What about DOE loans as a renewable-generating-project financier? This is where the loans can gain some level of traction. Around $13 billion of the loans were used to finance renewable generation. While Silver says these DOE loans “launched utility-scale PV solar,” this neglects the efforts of NextLight, Optisolar, SunPower, First Solar, SunEdison, and other developers that built the foundations of the utility-scale industry we now know.
While these investments were not as speculative as new technology manufacturing, as anyone who has ever developed large-scale projects knows, the anticipated returns are by definition speculative. Financial performance depends on dozens of factors, including proper system sizing, site construction, proper technology selection and local environmental conditions. Some projects may overperform, while others may underperform, and it’s often difficult to understand the factors involved with either.
For example, in October 2014 it was reported that BrightSource’s Ivanpah projects generated only 25% of their anticipated energy production. BrightSource disputed these claims and said that “we are above the cumulative annual guaranteed level,” but also acknowledged that “we don’t control the weather” and that “the amount of sun for 2014 has been about 9% below predicted.” What does this mean for the plant’s ability to generate predictable revenue and therefore pay back its obligations? Only time will tell.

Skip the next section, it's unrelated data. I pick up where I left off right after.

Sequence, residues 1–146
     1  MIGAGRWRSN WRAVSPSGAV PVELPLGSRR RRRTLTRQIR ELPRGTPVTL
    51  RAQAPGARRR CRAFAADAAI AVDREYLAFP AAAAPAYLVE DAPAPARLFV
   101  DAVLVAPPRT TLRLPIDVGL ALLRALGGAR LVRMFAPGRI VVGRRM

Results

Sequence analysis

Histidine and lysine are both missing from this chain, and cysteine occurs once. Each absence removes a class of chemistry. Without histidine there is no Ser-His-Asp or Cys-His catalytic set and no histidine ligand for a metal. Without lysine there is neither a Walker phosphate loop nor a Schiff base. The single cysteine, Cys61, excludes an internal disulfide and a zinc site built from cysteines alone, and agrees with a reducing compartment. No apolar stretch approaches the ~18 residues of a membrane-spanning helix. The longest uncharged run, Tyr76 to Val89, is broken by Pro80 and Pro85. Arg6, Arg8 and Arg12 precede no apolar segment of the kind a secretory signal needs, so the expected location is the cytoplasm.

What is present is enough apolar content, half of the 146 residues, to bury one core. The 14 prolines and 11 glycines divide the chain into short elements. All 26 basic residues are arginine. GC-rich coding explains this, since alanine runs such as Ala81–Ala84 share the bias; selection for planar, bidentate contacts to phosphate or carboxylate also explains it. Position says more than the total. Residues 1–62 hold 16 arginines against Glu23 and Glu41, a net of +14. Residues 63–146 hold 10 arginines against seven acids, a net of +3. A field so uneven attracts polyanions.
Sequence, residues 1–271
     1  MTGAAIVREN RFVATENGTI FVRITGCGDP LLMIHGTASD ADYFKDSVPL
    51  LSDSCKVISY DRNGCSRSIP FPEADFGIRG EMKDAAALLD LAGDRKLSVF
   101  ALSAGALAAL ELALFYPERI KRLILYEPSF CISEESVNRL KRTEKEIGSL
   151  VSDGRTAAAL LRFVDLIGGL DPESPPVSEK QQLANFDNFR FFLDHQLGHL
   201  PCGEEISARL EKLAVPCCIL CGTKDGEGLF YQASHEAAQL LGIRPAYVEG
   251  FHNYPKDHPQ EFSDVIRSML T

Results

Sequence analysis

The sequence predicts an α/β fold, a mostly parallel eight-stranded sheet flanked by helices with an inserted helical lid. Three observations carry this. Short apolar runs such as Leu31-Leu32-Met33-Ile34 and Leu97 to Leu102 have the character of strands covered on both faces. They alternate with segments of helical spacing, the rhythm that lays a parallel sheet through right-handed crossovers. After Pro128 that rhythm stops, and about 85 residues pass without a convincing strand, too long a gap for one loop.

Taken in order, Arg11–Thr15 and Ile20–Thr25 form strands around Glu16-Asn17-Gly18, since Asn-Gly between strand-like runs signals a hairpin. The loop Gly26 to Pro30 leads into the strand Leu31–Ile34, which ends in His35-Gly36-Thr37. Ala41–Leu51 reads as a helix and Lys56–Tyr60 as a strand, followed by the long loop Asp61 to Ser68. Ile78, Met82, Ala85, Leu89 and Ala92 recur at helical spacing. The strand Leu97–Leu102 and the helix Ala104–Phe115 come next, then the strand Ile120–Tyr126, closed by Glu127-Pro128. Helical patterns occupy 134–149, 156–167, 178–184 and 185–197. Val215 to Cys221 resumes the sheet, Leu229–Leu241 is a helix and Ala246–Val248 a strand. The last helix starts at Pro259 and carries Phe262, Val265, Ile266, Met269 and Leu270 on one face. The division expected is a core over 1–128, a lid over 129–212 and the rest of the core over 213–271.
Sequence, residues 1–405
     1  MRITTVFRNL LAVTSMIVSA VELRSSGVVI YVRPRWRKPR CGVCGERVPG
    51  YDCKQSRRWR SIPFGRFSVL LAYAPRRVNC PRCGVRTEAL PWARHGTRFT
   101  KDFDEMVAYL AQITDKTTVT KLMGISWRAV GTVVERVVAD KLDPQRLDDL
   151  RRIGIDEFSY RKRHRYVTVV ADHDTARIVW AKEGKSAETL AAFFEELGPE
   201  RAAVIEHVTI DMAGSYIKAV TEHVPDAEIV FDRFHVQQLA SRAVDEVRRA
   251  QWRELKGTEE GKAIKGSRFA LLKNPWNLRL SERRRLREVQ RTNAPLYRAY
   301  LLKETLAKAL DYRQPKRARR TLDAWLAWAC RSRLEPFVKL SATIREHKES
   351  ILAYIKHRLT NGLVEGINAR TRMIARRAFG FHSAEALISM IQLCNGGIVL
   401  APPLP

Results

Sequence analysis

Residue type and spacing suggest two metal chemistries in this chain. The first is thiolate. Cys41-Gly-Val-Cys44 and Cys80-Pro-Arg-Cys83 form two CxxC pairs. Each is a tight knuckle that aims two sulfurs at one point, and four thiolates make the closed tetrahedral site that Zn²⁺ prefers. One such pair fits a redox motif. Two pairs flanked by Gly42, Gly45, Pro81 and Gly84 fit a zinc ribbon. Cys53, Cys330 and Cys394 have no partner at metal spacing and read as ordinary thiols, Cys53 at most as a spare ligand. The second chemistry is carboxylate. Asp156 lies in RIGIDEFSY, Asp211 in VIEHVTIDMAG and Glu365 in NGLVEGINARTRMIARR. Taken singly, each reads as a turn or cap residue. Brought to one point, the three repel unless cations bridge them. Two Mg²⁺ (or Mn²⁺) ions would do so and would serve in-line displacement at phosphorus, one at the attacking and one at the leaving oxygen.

Has the DOE loan program achieved its goals? This of course remains to be seen. The program itself had goals of clean energy innovation, job creation, economic growth and future pollution reduction, so the DOE’s progress towards these goals should also be evaluated. But Silver chose to promote a financial narrative wherein the DOE loan program is profitable, the program’s skeptics were “proven wrong,” and which former Energy Secretary Steven Chu claimed is “more successful than Wall Street.” It’s fair to dig into the financial claims and put them into a broader context.
Given the underlying details of the numbers, it’s hard to support the claim that the DOE loan program is profitable, and even more difficult to support the claim that it’s performed better than existing institutional financial vehicles. The program’s track record in helping manufacturers cross the Valley of Death is also comparable to what cleantech VCs have experienced, and certainly no better. The project portfolio that the loans supported will yield returns comparable to what the other project consortium investors will achieve.
If its financial returns are comparable with what already exists in the market, is the loan program a financial success? And further, if the program’s financial returns are comparable with what’s already available through other means, is it the best use of taxpayer dollars to duplicate this?
Marc Cortez is managing director of Sunstart Partners, a solar and energy storage consulting company. He was previously vice president and general manager of Samsung’s U.S. solar power business, and has been developing energy assets globally for the past 15 years. Cortez can be reached at email@example.com
PHOTO COURTESY OF U.S. DEPT. OF ENERGY